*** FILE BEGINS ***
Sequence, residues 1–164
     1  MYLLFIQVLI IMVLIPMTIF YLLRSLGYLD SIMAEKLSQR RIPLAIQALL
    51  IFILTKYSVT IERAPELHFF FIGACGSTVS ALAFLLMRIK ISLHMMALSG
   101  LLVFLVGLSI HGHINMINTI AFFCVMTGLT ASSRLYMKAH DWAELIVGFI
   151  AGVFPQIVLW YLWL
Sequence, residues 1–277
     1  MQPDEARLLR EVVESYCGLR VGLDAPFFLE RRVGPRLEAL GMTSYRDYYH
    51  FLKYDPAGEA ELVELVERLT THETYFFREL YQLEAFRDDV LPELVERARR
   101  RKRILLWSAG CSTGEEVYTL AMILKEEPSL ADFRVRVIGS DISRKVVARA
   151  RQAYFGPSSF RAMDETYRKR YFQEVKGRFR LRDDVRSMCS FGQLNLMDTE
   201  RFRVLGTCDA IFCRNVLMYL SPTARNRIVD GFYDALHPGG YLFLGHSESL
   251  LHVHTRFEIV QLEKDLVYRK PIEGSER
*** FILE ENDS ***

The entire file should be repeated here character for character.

Sequence, residues 1–164
     1  MYLLFIQVLI IMVLIPMTIF YLLRSLGYLD SIMAEKLSQR RIPLAIQALL
    51  IFILTKYSVT IERAPELHFF FIGACGSTVS ALAFLLMRIK ISLHMMALSG
   101  LLVFLVGLSI HGHINMINTI AFFCVMTGLT ASSRLYMKAH DWAELIVGFI
   151  AGVFPQIVLW YLWL
Sequence, residues 1–277
     1  MQPDEARLLR EVVESYCGLR VGLDAPFFLE RRVGPRLEAL GMTSYRDYYH
    51  FLKYDPAGEA ELVELVERLT THETYFFREL YQLEAFRDDV LPELVERARR
   101  RKRILLWSAG CSTGEEVYTL AMILKEEPSL ADFRVRVIGS DISRKVVARA
   151  RQAYFGPSSF RAMDETYRKR YFQEVKGRFR LRDDVRSMCS FGQLNLMDTE
   201  RFRVLGTCDA IFCRNVLMYL SPTARNRIVD GFYDALHPGG YLFLGHSESL
   251  LHVHTRFEIV QLEKDLVYRK PIEGSER